What are the Dead Sea Scrolls?

In the area of biblical and historical studies, the Dead Sea Scrolls are considered one of the greatest archaeological finds of all time. That is not an exaggeration. The documents were awaiting the day of their discovery in 11 caves near the Dead Sea site of Khirbet Qumran in Israel for 2000 years. Just recently (2017) the archaeologists found a 12th cave. Someone looted the cave and disturbed its contents sometime in the fifties. No scrolls were found in the 12th cave.

The Dead Sea Scrolls date between 250 B.C.E. and 68 C.E. The collection is some 800 Hebrew, Aramaic and Greek texts in tens of thousands of fragments. The Dead Sea Scrolls offer us three main types of literary works. First, there are portions of books of the Hebrew Bible. Second are texts of non-canonical Jewish books known to us from other collections. Third are other religious writings of more localized and sectarian nature. Most scholars contend that they describe the peculiar beliefs and practices of a group of Jews living in a settlement at Qumran. The very people who assembled the library and deposited into caves for safe-keeping.

The history of the Dead Sea Scrolls is quite enigmatic by itself. How the scrolls were found in the nineteen forties, how they were sold and resold, initially available to only a select few for study, and how they were eventually made available to the wider scholarly community. There are almost seven decades of controversy and intrigue associated with the Dead Sea Scrolls. Some of them were published early on in the fifties and sixties. Other scroll fragments remained unpublished for a long time which led to much speculation.

Originally the DSS fragments were photographed as they were discovered. In the nineties, Israelis and NASA used infrared photography to see what the human eye cannot. Finally, in 1991 all the scrolls were published and since then their images were digitized with the help of the Israel Museum and Google. Now, there are entire research institutes and academic departments in universities dedicated to the study of the Dead Sea Scrolls.

What is so important about the Dead Sea Scrolls?

First of all, these are often the oldest copies of canonical and extra-canonical books found in Qumran. Their age alone makes them extremely valuable for textual research. Manuscript studies help us arrive at best source texts. Scholars are able to reconstruct passages of biblical literature before they were edited by multiple generations of scribes. These ancient texts have the least textual corruptions, which can occur in the process of copying. The mere fact that the earliest biblical manuscripts of the Hebrew Bible are from the Dead Sea Scroll library should be enough. Still, the most significant treasures, beyond the texts themselves, are the unique descriptions of the life, worship, and beliefs of the Qumran Jews from the distant past. This information gives scholars a window into antiquity we have never seen before. What have we learned from the decades of scroll research?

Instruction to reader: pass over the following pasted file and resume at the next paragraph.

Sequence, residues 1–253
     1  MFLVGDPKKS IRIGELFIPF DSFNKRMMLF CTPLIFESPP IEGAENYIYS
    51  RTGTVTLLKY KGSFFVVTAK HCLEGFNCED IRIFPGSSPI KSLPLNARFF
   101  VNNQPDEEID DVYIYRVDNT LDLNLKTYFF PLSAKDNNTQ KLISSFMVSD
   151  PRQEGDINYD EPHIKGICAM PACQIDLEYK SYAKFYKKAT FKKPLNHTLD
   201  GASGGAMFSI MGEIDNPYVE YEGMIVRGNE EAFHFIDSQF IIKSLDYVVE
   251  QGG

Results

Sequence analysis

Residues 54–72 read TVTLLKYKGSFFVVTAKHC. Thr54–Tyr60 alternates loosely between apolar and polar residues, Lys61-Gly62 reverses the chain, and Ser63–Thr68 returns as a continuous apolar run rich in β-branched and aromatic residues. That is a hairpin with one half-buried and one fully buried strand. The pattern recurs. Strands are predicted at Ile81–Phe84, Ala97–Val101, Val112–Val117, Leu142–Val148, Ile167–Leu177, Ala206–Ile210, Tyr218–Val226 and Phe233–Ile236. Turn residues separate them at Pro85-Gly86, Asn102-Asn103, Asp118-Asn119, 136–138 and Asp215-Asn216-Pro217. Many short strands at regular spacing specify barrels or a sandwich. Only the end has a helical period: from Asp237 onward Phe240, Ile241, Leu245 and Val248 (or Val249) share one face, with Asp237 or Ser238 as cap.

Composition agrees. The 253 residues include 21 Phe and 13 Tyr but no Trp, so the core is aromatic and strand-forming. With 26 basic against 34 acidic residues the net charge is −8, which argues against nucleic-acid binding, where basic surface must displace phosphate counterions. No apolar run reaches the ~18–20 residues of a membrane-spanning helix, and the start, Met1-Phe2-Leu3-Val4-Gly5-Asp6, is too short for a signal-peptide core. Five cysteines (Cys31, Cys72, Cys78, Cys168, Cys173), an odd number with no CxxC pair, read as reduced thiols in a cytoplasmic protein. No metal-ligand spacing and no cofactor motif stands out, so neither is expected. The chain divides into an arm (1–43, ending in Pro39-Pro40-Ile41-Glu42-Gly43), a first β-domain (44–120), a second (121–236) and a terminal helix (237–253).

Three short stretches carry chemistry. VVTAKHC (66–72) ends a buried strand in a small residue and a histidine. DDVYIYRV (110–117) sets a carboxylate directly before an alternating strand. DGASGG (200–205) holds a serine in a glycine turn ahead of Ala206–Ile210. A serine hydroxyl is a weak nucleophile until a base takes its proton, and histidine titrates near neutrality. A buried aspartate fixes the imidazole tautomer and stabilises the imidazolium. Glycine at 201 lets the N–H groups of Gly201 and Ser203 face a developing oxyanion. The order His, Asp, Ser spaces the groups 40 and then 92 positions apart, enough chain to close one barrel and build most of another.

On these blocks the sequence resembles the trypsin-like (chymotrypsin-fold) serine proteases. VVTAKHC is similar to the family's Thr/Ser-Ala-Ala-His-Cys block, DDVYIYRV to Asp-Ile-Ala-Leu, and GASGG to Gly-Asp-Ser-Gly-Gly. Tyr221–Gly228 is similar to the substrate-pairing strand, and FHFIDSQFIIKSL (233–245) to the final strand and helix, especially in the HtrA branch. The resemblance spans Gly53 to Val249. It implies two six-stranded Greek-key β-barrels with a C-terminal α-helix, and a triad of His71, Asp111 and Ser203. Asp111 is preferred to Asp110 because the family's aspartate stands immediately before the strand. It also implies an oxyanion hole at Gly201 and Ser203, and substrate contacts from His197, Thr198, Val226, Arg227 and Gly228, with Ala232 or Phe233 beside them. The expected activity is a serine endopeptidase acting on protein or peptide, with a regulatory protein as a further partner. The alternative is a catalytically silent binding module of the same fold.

A DSS scholar Lawrence H. Schiffman, Professor of Hebrew and Judaic Studies at New York University explains,”Disagreements about Jewish law were the main factors that separated Jewish groups and movements in Second Temple times. Yes, many theological differences also existed. These, however, were manifested most clearly in the differing opinions about Jewish practice and ritual. The impact of the scrolls on our understanding of the history of halakhah (Jewish law) has been enormous.”

The material found in the scrolls fills in many gaps in our knowledge of ancient Israel, giving scholars an ability to reconstruct the past more accurately. Being aware of the practices and beliefs of the Essenes and Qumranites changes our perception of the New Testament that followed that era. But there is still a considerable amount of disagreement and many theories behind the research fueled by the scrolls. The scroll continues to speak.